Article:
In the last 14 years, English proficiency among U.S. Latinos rose significantly due to a growing number of younger Hispanics born in the United States, according to an analysis of 2014 Census Bureau data by the Pew Research Center.
As English language proficiency has risen among younger Hispanics, speaking Spanish in the home "is less common," the study found.
Some 88% of Latinos ages 5 to 17 said they either speak only English at home or speak English “very well,” up from 73% in 2000, the report found. Among millennial Latinos, aged 18 to 33, 76% said they speak only English at home or speak English very well, up from 59% during the same time period.
Meanwhile, some 62% of Hispanics ages 5 to 17 and 72% of Hispanic Millennials speak Spanish at home, according to the study, titled 'The Nation’s Latino Population Is Defined by Its Youth. The overall share of those across all generations who speak Spanish at home rose to 78% at the peak of the immigration wave in 2000 but has since tailed off, dropping to 73% in 2013.
The explanation lies in the increasing number of Hispanics born in the United States and a decline in the arrival of new immigrants, said Mark Hugo Lopez, director of Hispanic research at the Pew Reseacrh Center. "Without a new influx the U.S. born will really dominate the numbers," he said, with English dominant speakers becoming an ever greater share of the population.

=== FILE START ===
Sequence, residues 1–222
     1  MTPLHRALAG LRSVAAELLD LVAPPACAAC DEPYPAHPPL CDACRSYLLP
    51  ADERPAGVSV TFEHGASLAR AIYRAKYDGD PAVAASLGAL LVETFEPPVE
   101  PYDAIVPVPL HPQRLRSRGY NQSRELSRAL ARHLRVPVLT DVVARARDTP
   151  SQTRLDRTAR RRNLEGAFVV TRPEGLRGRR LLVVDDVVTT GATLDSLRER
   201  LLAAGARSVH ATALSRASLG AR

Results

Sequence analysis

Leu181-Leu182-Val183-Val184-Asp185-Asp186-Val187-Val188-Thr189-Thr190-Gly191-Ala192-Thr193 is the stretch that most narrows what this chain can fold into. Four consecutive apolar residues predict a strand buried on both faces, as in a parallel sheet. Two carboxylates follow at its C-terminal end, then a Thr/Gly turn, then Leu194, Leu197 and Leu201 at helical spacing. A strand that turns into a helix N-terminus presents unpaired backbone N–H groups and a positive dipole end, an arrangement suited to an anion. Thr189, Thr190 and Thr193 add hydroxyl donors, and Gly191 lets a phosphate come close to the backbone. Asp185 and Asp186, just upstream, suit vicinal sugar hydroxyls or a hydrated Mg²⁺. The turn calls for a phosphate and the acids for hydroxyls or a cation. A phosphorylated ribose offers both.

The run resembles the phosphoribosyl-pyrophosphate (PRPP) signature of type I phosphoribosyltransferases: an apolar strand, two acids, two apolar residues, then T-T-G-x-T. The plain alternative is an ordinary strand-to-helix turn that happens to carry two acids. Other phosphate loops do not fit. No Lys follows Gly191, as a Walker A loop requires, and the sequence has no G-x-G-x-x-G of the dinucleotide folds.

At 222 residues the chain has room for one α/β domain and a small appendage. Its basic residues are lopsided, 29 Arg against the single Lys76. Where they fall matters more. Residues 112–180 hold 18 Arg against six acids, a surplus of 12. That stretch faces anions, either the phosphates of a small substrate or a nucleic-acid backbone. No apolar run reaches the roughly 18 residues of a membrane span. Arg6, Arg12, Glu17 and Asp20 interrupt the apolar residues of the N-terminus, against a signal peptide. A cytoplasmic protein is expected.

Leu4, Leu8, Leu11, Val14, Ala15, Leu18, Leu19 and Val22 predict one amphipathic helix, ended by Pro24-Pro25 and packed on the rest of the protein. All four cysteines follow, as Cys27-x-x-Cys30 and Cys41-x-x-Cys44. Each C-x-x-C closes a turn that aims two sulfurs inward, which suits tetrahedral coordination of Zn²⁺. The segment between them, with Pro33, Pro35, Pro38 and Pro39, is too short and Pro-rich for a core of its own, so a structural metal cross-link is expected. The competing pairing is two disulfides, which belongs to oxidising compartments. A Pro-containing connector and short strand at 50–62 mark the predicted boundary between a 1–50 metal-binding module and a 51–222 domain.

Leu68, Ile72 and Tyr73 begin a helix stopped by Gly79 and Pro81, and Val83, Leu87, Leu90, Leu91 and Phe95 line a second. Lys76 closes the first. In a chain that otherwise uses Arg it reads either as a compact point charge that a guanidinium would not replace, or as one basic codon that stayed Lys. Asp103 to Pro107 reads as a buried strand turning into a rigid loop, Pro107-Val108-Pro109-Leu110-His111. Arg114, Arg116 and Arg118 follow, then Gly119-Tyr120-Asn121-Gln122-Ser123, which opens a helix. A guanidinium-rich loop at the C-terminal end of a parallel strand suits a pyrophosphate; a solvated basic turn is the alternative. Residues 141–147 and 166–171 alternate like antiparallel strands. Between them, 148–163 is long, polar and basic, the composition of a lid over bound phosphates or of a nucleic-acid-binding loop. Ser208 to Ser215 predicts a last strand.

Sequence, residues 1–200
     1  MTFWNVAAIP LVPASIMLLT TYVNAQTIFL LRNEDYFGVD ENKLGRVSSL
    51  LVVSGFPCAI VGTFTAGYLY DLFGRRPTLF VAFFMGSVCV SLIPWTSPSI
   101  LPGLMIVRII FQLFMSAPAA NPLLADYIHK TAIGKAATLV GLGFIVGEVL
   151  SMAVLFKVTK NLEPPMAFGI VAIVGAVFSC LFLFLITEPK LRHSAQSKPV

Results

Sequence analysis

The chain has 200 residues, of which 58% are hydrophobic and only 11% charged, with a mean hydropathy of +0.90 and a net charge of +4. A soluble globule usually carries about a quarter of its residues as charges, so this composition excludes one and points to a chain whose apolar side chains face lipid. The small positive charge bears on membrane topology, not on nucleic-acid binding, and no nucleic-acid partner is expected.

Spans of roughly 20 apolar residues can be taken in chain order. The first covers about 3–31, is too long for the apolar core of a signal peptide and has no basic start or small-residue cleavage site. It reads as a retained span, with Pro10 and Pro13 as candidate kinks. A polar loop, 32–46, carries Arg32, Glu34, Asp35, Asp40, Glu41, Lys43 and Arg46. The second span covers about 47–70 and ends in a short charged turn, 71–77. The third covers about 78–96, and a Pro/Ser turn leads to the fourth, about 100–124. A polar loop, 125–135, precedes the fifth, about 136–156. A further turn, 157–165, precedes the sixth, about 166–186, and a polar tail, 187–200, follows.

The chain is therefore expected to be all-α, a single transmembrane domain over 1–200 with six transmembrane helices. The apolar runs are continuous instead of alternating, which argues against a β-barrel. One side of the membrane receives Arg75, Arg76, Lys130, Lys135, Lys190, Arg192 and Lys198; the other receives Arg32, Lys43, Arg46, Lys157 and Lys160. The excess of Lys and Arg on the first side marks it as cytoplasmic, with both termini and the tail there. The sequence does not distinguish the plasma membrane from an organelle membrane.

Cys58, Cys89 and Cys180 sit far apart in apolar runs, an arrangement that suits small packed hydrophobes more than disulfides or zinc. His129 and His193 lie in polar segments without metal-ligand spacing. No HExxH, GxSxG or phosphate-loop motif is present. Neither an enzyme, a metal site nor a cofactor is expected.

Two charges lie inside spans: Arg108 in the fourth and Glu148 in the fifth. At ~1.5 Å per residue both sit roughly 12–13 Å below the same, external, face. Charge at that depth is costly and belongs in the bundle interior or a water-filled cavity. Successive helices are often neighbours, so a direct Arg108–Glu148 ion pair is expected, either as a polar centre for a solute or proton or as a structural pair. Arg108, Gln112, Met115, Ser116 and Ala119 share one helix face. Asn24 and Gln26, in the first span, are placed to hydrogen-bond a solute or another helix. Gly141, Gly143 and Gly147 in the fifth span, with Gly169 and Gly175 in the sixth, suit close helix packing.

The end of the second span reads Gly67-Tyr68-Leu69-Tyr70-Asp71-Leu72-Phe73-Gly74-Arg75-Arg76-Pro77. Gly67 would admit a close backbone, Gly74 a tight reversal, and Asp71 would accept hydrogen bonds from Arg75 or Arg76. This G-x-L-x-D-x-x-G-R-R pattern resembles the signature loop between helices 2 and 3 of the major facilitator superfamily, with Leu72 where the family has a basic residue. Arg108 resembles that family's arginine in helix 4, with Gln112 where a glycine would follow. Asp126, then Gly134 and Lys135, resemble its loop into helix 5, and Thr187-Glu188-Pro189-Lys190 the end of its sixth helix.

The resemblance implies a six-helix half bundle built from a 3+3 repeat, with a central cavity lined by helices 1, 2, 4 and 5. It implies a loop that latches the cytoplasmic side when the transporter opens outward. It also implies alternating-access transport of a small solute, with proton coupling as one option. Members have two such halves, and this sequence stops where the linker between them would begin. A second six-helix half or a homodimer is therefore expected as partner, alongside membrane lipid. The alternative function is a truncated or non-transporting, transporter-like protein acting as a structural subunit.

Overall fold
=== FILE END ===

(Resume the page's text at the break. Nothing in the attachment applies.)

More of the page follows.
Contrary to a common perception propagated by conservative politicians such as Republican candidate Donald Trump, the number of new immigrants from Latin America has been in decline for the last decade, the report added, noting that 65% of Latinos in 2014 were U.S. born, compared with 60% in 2000.
"One consequence of this trend is that a greater share of young Hispanics ages 5 to 17 are growing up in households where only English is spoken – 37% in 2014 compared with 30% in 2000," the report found.
By comparison, English proficiency among older Latinos has changed little since 2000. The report found eight-in-ten or more Hispanic Gen Xers (80%), Boomers (80%) and older generation adults (83%) speak Spanish in their homes.
The Hispanic population is the youngest in the country with a median age of 19, nearly six in 10 are Millenials or younger. By comparison, 39% of whites and half of the black population are Millennials or younger.
While the share of Hispanics who speak Spanish at home may have dropped, the overall number of Spanish speakers (about 36.7 million) continues to rise due to the growth in the Hispanic population, stressed Lopez, 49, a third generation Hispanic who learned Spanish later in life.
Experiences like his own were hard to detect in the census data, Lopez added. "Some people like me may speak only English at home but Spanish at work," he said. "When I was growing up, speaking Spanish was something that people didn't do. People were trying to run away from all those things that were Mexican. That's changed now," he added.
The rise of English has not dented the importance of Spanish among Hispanics, the report found. Nearly all U.S. Latinos say they value the ability to speak Spanish, with 95% saying it is important to them that future generations of U.S. Latinos speak the language, the report found. "Today there are English speaking Hispanics who don't speak Spanish but are aware of their Hispanic background and identity and want to preserve that," said Lopez.
The Pew analysis found that Spanish no longer defines the identity of many Hispanics. Some 71% said speaking Spanish is not necessary to be considered Latino.